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In Rajiv Joseph's amazing drama, "God's Garden" isn't Eden — or is it?

According to the Bible, four rivers, including the Tigris and Euphrates, joined at the Garden of Eden. Though there are as many possible sites as for Atlantis, one theory, based on recent LANDSTAT satellites, locates the confluence near the head of the Persian Gulf in Iraq. Two "fossil rivers" intersect with the others.

During both Gulf Wars, American soldiers often justified their presence by claiming that "God wants the Garden of Eden back."

In Bengal Tiger, "God's Garden" is a patch of green at the palace of Uday and Qusay Hussein, sons of Saddam.

Uday became legendary for ad lib'd atrocities: firing an Uzi to liven up a party; caning soccer players and torturing Iraqi Olympian athletes for not performing well; stabbing his fathers food-taster to death, with an electric carving knife, during a gala honoring - and in front of - Egyptian President Hosni Mubarak's wife, Suzanne.

In the play, the garden in the compound doesn't jibe with Uday's legend. Musa, who now translates for the Americans, sculpted thick shrubs into animals. It's an eerie topiary, a smidgen of peace amid war zones, home-made incendiary devices, rape, pillage, Gulf War Syndrome, and life not worth a spec.

Musa was the creator, but in Tiger is he also THE Creator? Or is it that garrulous tiger, shot in the Baghdad Zoo for chomping off the hand of a threatening G.I.? The tiger's ghost floats around the city bombarded with guilt over being a predator.

"Americans," he says, always think that when they die, they go away." Instead he - and others to follow - become specters with all the mental qualities they lacked when alive: the tiger develops a nagging conscience; Kev, a novice fighting machine, becomes intelligent.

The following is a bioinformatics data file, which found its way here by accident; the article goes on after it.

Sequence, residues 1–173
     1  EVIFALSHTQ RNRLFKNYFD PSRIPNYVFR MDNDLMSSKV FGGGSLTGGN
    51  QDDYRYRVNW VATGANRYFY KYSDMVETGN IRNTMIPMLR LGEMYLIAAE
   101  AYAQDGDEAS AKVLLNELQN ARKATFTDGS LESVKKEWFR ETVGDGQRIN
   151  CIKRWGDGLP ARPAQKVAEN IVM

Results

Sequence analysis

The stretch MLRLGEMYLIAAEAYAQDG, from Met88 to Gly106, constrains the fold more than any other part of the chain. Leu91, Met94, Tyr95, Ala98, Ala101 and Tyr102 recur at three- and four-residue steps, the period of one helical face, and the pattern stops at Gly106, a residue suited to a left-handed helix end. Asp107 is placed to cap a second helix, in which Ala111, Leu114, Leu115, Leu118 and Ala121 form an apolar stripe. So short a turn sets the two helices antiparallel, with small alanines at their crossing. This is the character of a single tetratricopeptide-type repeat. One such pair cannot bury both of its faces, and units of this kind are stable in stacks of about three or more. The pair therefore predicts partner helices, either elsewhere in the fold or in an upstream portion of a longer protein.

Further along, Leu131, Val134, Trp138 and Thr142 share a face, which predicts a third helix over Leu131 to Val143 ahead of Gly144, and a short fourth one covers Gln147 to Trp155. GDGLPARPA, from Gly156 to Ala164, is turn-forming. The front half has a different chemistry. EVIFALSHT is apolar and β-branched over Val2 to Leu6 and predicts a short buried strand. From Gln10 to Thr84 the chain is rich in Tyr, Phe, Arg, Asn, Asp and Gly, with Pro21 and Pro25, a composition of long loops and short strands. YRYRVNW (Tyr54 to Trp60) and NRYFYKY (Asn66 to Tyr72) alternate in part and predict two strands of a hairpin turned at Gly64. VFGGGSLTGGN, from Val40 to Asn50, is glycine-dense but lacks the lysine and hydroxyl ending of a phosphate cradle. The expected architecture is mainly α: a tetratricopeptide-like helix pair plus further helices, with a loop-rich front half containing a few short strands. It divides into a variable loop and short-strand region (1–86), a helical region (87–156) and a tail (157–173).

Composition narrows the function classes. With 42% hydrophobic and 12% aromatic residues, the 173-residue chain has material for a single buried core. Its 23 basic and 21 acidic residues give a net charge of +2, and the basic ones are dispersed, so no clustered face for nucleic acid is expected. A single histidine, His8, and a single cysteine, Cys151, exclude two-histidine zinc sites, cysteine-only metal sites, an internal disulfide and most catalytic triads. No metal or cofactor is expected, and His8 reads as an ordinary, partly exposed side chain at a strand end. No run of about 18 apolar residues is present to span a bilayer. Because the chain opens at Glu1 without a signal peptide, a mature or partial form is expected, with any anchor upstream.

It's almost as if they've eaten from the Tree of Good and Evil: once dead, they gain knowledge but lose God. Adam and Eve fell from Eden. According to the playwright, the afterlife's an even greater Fall: you haunt the living, but your guilt may haunt you for eternity.

"It's alarming this life after death," says the tiger. "The fact is, tigers are athiests. All of us. Unabashed. Heaven and hell? Those are just metaphorical constructs that represent 'hungry' and 'not hungry.' Which is to say, why am I still kicking around?"

Then he adds: "When an atheist finds himself walking around after death, he's got some serious rethinking to do."

William Golding said he wrote The Lord of the Flies as an experiment to see what young men would do if isolated on an island. They become savages. In some ways Bengal Tiger's an update with older young men.

The playwright creates an anarchy zone where nothing is predictable, not even his next scene (the only predictability about them: each will be as, if not more, bizarre than the last). Like Golding's characters, in Iraq Joseph's return - or Fall, if you will - back to their animal natures.

More next time.


Ion Theatre, 3704 Sixth Avenue, Hillcrest, playing through June 1.

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May 29, 2013